My late husband suffered and died from Huntington’s disease, a rare genetic neurological disorder. He was in two different nursing homes for seven years. The last home had a therapy dog who lived there. This dog decided to sleep in David’s room but some nights he’d go missing. He sensed when residents were going to die and he’d move into their room and give comfort to both the dying and the family members. He stuck around as long as needed, sometimes days, and then go back to visiting residents and loving people.
On December 5, 2004, David breathed his last breath after struggling for a few days. I remember many details about the day my husband died. What I remember most was the dog. I don’t know that I ever touched him or even knew his name. But when he made an appearance that day and stayed close to David I knew his suffering was almost over. For me, that old brownish/black dog, wise beyond his years, represented an angel. He let children crawl on him, allowed tears to fall onto his head, and he just was. I’m not sure he ever was one of these adorably pretty dogs. But he was sensitive and caring and had love to give in the way people in crisis need. He was the perfect nursing home therapy dog.
Essentially, the job of a therapy dog entails providing emotional support, relieving stress, and brightening lives of humans in need. Isn’t that the best definition?
A therapy dog is one that is trained to offer comfort and affection to individuals in nursing homes, hospitals, schools, hospices and during a crisis. Therapy dogs have proven highly effective for children who have autism and various learning disabilities.
In theory, any dog could be a therapy dog but in fact, it takes a special pup to take on this critical role. The most essential in a therapy dog is the dog’s owner. Humans must have a personality that makes them a good match for a therapy dog handler. Patience is of critical importance to being a successful handler but so does the ability to and willingness to take your dog out and mingle with people and to be responsible for their actions. Whether it’s a read to the dog program for kids struggling to read or bringing joy and love to residents of a nursing home or hospital therapy dogs have important jobs and it all starts with the owner.
The other day we received an email from a teacher who is thinking of getting a dog that she can train as a therapy dog for her classroom. What a great idea! She wants to rescue a dog, always a wonderful idea in our book, and then train it rather than trying to find an already trained therapy job. She asked if we had any specific dogs who would be likely candidates for her to train and bring to her classroom. Great question but not a short answer.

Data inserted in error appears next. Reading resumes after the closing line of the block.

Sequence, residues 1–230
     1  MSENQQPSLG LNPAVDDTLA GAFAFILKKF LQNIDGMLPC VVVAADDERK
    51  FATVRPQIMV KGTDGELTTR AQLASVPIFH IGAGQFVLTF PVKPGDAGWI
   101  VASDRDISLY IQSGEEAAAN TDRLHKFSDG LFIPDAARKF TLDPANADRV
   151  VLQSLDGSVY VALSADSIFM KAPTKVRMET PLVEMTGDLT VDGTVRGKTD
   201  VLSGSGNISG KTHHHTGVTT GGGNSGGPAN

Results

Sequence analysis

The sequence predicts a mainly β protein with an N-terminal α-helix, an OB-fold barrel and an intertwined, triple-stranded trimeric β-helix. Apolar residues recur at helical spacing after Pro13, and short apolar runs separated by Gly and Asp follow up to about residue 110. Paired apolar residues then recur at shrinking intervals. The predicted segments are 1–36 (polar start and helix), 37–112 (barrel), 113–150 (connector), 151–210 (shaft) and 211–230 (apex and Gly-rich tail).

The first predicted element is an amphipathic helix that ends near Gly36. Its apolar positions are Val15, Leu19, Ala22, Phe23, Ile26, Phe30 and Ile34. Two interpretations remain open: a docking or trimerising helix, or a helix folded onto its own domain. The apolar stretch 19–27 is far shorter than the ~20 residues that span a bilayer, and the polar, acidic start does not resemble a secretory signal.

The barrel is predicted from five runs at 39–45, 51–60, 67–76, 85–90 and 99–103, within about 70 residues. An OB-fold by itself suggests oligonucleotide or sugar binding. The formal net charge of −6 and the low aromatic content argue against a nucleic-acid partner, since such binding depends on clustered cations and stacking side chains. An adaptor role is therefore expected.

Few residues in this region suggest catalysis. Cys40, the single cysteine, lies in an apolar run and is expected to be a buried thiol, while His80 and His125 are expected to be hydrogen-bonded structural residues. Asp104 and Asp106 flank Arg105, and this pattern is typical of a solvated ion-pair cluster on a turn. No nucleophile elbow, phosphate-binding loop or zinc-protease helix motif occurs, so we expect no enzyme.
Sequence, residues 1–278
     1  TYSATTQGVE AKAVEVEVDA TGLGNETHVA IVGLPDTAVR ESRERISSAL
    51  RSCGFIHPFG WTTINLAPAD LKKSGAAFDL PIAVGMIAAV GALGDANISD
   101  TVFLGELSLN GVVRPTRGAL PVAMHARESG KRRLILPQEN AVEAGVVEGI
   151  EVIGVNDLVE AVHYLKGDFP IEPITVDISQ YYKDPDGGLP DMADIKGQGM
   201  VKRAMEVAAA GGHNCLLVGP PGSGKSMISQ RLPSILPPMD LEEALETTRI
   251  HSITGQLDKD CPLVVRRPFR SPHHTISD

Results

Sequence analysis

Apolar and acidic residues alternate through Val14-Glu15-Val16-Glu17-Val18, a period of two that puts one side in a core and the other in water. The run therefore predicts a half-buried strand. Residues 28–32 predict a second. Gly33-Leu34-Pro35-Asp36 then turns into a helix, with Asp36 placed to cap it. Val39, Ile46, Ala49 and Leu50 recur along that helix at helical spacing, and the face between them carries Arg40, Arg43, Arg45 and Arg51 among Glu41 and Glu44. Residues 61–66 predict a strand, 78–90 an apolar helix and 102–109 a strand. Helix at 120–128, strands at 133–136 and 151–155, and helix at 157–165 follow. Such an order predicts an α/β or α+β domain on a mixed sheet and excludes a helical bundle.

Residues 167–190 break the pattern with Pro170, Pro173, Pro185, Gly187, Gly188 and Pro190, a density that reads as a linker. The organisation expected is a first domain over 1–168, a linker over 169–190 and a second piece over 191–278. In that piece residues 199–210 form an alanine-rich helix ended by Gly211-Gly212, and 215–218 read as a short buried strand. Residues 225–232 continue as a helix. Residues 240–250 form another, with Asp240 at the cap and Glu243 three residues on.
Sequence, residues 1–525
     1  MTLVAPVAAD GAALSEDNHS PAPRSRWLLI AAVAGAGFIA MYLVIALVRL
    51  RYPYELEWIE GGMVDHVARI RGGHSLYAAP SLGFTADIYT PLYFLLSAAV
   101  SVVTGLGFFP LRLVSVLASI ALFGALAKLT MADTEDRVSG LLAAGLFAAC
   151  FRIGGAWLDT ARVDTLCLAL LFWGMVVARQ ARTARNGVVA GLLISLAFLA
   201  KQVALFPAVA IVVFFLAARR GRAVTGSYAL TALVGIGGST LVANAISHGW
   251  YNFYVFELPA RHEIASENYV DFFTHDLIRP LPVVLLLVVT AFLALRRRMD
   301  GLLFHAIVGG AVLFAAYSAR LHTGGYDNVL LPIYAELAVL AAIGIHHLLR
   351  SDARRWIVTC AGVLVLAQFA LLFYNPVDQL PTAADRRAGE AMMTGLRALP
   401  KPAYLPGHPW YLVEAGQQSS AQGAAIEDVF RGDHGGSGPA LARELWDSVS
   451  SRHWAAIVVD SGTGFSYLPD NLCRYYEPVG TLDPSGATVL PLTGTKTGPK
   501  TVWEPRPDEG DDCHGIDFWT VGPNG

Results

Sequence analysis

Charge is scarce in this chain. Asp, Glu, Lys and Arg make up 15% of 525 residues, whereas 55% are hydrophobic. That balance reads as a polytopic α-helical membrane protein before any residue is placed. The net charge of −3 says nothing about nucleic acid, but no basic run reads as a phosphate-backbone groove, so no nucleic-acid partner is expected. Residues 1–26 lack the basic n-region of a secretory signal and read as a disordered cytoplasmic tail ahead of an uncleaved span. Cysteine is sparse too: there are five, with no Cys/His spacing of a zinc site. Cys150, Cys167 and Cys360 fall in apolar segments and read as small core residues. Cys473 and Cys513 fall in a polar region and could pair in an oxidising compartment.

There are specific qualities that all therapy dogs share that make them suitable for specific jobs beyond simply being awesome.
1. These dogs must get along with strange dogs and people in social situations.
2. When I looked at training Coconut to be a therapy dog this phrase kept coming on; all paws on the floor at all time. In other words, my little lover who enjoys greeting people needs to learn to not jump. These dogs must be well trained and obedient to their owners at all times.
3. One reason I thought Coconut might be a good therapy dog is that after the initial paws off the ground he is a very calm dog. Calmness ranks high on the list of demeanors of critical importance.
4. Coconut has the next one down pat. He is the friendliest dog ever and people love, love, love him. He is not in the least bit aggressive and gets along with every child or adult.
5. Therapy dogs must be well mannered, no they can’t eat off someone’s plate or beg for food and act like a crazy creature romping around the room.
6. The last few we’ll lump together because they need no explanation. Dogs who are well suited to schools, nursing homes, hospitals, and other locations must be reliable, even-tempered, gentle, confident and, above all, they must love meeting new people.
I’m by no means an expert in dogs and certainly not in what breed makes a good therapy dog. A smaller, less active dog might do better with seniors while a larger dog could be fine in schools. Consider the setting and the job your dog will be doing before starting to choose the right dog.
I’ve seen Yorkies, Corgis, Bulldogs, and other smaller dogs in the role of therapy dogs. I’ve also Witnessed Golden Retrievers, German Shepherd, and Labrador Retrievers in these roles.
Our adoption coordinators have a lot of experience and they know our dogs. When I wanted an emotional support dog I found the perfect pick thanks entirely to NEW PAWSibilities. I had no idea what I was even looking for!
Another resource to help you choose the right dog is to engage the services of the trainer many of our adopters have been using. Amy is willing to meet you at the shelter and evaluate some of the dogs you have chosen after speaking to the staff. She can help you to understand trainability, gauge the dog’s character, quirks, etc. Yes, there is a cost attached but it will likely a small investment for a huge payback.
Amy’s Facebook page has all of her contact information and other details are here.